Now is the time for true leadership, not empty promises : WHO DG
WHO Director-General Dr. Tedros Ghebreyesus expressed his displeasure with the evident lack of support and help provided to low-income countries in battling COVID-19, claiming he will not stay silent when the companies and countries that control the global supply of vaccines think the world’s poor should be satisfied with leftovers.
The COVID-19 situation remains grim as ever, with over 50,000 people having died of the virus every week since October last year. For the past month, deaths have remained at almost 70,000 a week.
"We have the solutions to stop transmission & save lives. But those solutions are not being used well nor shared well," Dr. Tedros said, asserting that the inequitable distribution of life-saving tools including diagnostics, oxygen, personal protective equipment and vaccines is driving a "two-track COVID-19 pandemic".
At present, countries with the highest vaccine coverage are seeing a decoupling of COVID-19 cases and deaths, allowing them to reopen their societies without their health systems being overwhelmed. However, Dr. Tedros said that the premature relaxing of public health and social measures is putting unvaccinated and immunocompromised people at extreme risk.
While hope beams on these countries, countries with low vaccine coverage continue to see high case fatality rates.
Additionally, some countries are refusing entry to people who have been fully vaccinated with a vaccine that has WHO Emergency Use Listing, but which has not been approved by their own national regulators.
"This is creating more chaos, confusion and discrimination, with some countries even refusing to use certain vaccines because of concern their citizens will be denied entry to other countries," Dr. Tedros said.
Speaking on the issue, he said that WHO Emergency Use Listing follows a rigorous process based on internationally recognized standards. All vaccines that have received WHO Emergency Use Listing are safe and effective in preventing severe COVID-19 disease and death, including against the Delta variant.
"We thank those countries that recognize all vaccines with WHO Emergency Use Listing, and we call on all countries to do the same," Dr. Tedros expressed.
Globally, 5.5 billion vaccine doses have now been administered, but 80% have been administered in high- and upper-middle income countries.
Dr. Tedros said that WHO's global targets remain to support every country to vaccinate at least 10% of its population by the end of this month, at least 40% by the end of this year and 70% of the world’s population by the middle of next year.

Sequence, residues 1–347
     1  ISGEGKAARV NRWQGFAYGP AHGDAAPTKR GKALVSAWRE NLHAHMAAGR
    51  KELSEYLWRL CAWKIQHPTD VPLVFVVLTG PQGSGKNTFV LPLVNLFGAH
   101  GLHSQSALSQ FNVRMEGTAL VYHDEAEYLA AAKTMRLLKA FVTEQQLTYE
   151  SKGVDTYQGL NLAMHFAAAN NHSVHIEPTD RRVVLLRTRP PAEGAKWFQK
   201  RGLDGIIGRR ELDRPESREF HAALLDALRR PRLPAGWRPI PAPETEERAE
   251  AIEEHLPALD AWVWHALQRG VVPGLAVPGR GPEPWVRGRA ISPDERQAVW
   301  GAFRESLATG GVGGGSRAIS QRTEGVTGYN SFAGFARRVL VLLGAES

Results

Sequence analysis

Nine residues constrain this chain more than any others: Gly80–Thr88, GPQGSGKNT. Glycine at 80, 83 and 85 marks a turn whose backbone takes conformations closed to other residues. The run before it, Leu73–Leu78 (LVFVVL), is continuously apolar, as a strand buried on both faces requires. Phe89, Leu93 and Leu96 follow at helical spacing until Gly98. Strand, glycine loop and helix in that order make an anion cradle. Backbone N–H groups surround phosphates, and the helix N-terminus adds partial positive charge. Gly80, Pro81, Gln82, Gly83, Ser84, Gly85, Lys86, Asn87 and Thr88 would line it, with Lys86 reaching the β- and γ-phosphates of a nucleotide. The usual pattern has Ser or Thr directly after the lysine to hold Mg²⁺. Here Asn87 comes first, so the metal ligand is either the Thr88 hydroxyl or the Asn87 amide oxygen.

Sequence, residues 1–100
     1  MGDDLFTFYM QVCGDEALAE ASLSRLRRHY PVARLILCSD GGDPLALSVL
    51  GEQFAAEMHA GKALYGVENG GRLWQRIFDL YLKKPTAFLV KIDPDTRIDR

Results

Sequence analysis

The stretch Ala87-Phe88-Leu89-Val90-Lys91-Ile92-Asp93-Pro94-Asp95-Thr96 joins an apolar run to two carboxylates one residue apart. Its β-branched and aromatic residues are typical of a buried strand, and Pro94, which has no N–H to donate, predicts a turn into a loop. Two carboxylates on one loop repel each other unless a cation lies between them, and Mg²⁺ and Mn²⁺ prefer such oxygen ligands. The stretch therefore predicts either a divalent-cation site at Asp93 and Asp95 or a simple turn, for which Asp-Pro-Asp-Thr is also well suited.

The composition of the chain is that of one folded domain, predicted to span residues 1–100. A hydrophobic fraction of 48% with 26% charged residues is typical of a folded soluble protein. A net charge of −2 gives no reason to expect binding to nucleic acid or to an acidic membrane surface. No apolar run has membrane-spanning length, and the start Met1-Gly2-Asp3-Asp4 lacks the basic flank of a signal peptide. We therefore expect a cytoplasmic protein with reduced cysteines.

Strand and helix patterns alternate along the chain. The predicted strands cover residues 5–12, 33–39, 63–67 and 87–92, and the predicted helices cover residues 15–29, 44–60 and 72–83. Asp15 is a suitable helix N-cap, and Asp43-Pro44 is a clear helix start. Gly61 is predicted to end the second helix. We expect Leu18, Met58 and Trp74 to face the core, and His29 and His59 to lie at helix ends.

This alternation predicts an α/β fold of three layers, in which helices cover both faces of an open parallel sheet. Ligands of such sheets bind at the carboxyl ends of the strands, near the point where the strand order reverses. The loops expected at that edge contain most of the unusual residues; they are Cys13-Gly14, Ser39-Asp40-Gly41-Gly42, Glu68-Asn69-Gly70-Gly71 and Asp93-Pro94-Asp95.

Almost 90% of high-income countries have now reached the 10% target and more than 70% have reached the 40%. However, not a single low-income country has reached either target.
"That’s not their fault. We’ve heard excuses from manufacturers and some high-income countries about how low-income countries can’t absorb vaccines," the WHO Director General said.
Dr. Tedros noted that high-income countries have promised to donate more than 1 billion doses, but less than 15% of those doses have materialised. Manufacturers have promised to prioritize COVAX and low-income countries.
"We don’t want any more promises. We just want the vaccines," he said.
He called for an extension on the global moratorium on COVID-19 booster doses he called for earlier.
"A month ago, I called for a global moratorium on COVID-19 booster doses at least until the end of September, to prioritise vaccinating the most at-risk people around the world who are yet to receive their first dose."
"There has been little change in the global situation since then, so today I am calling for an extension of the moratorium until at least the end of the year, to enable every country to vaccinate at least 40% of its population."
He added that third doses may be necessary for the most at-risk populations where there's evidence of waning immunity against severe COVID-19 and death, such as immunocompromised people who didn't respond sufficiently to their initial doses or are no longer producing antibodies.
"But for now, we do not want to see widespread use of boosters for healthy people who are fully vaccinated."
The WHO Director General claimed that he was "appalled" after reading the International Federation of Pharmaceutical Manufacturers and Associations' (IFPMA) statement. The IFPM said that G7 countries now have enough COVID-19 vaccines for all their adults and teenagers and to offer booster doses to at-risk groups so the manufacturing scale-up should now shift to globally sharing vaccines.
"In reality, manufacturers & high-income countries have long had the capacity to not only vaccinate their own priority groups, but to simultaneously support the vaccination of those same groups in all countries," he remarked.
"We have been calling for vaccine equity from the beginning, not after the richest countries have been taken care of."
"I will not stay silent when the companies and countries that control the global supply of vaccines think the world’s poor should be satisfied with leftovers," he added, saying that the world’s 20 leading economies hold the key to vaccine equity and ending the pandemic.
Dr. Tedros said that he called on the G20 to support the achievement of WHO’s global vaccination targets by:
-Swapping near-term vaccine deliveries with COVAX
-Fulfilling dose-sharing pledges by the end of this month at the latest
-Facilitating the sharing of technology, know-how and IP
"We have the tools. It’s clear what needs to happen. Now is the time for true leadership, not empty promises".